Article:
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    Posted December 11, 2012 by
    This iReport is part of an assignment:
    Life in China

    The real China for a year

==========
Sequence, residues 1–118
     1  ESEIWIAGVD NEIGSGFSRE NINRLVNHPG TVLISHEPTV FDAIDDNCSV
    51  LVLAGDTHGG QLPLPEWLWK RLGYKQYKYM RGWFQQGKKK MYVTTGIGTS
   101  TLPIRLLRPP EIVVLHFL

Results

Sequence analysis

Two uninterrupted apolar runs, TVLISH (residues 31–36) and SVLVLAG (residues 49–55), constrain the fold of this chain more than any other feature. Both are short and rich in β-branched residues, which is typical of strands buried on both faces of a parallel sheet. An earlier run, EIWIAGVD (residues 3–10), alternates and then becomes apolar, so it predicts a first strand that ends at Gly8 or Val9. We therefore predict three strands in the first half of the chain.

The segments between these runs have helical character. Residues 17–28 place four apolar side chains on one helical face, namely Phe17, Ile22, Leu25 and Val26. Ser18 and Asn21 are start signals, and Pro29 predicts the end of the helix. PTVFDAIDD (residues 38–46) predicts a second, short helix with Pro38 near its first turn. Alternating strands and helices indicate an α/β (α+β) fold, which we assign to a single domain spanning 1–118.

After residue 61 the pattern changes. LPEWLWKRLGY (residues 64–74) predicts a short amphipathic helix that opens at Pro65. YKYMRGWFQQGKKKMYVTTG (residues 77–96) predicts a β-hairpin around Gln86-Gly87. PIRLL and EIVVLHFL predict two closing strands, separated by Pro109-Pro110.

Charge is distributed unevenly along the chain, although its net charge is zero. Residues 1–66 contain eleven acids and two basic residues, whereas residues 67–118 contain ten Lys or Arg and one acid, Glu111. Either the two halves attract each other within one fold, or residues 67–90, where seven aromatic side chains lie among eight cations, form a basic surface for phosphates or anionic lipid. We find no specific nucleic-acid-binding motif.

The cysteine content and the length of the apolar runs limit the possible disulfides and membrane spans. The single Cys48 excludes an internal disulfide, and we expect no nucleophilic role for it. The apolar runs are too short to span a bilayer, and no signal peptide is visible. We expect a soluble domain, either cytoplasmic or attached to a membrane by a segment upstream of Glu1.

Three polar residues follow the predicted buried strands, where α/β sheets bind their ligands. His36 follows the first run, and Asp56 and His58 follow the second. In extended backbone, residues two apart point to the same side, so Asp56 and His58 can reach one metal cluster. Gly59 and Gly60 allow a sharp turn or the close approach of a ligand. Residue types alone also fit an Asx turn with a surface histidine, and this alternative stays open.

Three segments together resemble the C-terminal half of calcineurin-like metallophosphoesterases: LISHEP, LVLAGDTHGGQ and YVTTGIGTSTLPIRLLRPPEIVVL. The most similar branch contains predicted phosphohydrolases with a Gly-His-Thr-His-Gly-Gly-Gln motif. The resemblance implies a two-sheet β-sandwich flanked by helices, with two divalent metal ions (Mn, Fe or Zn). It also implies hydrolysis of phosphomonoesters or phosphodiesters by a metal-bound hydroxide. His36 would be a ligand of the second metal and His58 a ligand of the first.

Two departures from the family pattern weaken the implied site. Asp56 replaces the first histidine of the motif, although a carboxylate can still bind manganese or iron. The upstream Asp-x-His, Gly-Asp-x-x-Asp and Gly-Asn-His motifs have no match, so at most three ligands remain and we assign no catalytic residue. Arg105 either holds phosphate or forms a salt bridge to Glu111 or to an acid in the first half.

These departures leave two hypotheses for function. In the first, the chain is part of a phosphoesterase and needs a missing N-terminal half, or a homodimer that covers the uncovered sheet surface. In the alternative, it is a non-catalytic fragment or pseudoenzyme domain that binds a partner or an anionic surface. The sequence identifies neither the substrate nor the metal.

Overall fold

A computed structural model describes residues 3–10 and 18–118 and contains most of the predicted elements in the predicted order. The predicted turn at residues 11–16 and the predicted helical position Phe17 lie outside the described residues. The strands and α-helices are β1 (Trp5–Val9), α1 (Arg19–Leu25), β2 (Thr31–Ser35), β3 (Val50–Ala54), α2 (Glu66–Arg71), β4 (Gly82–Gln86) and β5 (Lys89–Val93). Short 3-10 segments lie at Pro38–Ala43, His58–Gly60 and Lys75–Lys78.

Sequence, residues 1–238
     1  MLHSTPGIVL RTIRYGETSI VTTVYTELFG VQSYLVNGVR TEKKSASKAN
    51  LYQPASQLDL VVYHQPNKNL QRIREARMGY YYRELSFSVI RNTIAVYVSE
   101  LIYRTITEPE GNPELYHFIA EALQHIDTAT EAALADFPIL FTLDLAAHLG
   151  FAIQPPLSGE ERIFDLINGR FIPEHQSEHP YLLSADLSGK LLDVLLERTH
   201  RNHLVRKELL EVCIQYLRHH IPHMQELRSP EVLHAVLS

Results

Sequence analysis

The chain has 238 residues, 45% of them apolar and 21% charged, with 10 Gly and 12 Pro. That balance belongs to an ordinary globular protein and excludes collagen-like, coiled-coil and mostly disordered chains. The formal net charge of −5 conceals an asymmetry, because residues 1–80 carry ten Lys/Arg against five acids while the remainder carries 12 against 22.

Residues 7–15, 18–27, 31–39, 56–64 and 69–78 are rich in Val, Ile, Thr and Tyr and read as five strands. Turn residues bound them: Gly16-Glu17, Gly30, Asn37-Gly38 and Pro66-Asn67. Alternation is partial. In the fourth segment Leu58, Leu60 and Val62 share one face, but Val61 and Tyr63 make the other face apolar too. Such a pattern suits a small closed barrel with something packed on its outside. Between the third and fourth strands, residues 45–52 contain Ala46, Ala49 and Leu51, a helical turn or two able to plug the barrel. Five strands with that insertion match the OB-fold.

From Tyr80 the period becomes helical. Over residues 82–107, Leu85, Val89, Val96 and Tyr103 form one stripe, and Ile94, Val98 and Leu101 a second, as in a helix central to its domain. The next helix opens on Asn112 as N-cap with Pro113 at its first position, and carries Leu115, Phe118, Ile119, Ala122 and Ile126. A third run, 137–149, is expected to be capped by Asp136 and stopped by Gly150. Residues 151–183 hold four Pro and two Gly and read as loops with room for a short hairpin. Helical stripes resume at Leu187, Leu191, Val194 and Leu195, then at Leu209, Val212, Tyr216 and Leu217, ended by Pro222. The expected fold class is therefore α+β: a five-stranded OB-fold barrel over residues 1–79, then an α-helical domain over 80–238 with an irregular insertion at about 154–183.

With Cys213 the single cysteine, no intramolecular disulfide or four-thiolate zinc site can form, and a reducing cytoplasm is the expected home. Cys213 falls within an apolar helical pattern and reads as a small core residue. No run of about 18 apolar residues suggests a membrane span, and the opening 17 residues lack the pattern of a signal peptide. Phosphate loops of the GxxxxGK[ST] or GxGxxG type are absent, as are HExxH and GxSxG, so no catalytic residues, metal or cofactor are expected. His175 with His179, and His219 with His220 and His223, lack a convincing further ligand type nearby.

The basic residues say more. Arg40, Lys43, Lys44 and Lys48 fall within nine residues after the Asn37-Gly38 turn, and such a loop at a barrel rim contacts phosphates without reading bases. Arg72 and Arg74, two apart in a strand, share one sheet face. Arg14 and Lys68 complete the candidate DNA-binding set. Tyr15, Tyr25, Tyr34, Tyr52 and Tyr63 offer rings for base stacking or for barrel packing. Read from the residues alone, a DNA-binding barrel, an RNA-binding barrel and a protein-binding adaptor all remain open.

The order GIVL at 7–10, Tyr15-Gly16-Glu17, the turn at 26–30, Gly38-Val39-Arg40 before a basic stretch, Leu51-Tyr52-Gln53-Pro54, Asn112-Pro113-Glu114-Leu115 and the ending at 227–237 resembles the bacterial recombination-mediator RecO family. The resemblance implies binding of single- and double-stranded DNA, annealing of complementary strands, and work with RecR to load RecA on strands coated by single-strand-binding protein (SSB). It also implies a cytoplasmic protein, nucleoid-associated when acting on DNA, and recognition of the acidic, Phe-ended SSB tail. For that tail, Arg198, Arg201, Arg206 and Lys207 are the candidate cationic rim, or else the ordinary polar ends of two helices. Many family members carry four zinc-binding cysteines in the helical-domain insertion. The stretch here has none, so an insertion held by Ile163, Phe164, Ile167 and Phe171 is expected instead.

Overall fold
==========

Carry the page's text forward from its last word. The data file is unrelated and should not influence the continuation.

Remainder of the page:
In late August 2011 I was arrived in Beijing via Toronto Ontario to teach English. I quickly found myself in an entirely different culture with many different cultural norms. eg. women spitting in public, drinking on the street and insane drivers. At first I was nervous about being so far away in a mega city where very few people speak English. However after a while I realized China really grew on me. It was not the opressed policed always looking over your shoulder the western media potrayed. However I soon learned life was different for the real Chinese than foreigners. After settling there I began developing friendships with many people, some local CHinese. One friend in paticular loved to discuss politics so it was great to get a view straight from the source. He ranted on and on how terrible the government was and they stole money and opressed their speech. I said I don't feel policed or monitored at all. He informed me it was different for foreigners. I argued would he rather change it to an unstable democracy like Brazil where 60,000 people were violently murdered each year, compared to a few hundred protesters in China. While China was great for me I honestly felt safer walking downtown at 3am in Beijing than any city I have ever been in(mind you im from Canada one of the safest countries in the world). One day after month of avoiding it I registered my address with the police (supposed to do it soon as you arrive) Whoops! So me and my Chinese speaking friend arrive at 10:15 She hands the officer my passport he says something to her. She starts argueing with him. After a minute or so of back fourth Mandarin lingo. She says to me, they're closed come back at 3:00. I said but it's 10:15 what do you mean they're closed?! She informed me this is daily life for Chinese people. I realized then that one of the main reasons I was able to relax so much was my passport. For me I could back out at any minute and be home but for the average person this was life. There is no negotiating, just their word. Overall my experience in China was great I didn't see too much under the surface(as I'm sure is not easy to do). Comparing China to West in short. China in some ways I felt more free, eg. drinking in public, jwalking, you could even smoke in hospitals(I didn't but you can) However I came to eventually realize, despite the governments dramatic improvements in human rights in previous years, they still don't have even the basic human rights, for speech and protection, only privilages that can be taken away without a moments notice. I took the good and the bad and posted them here for you!
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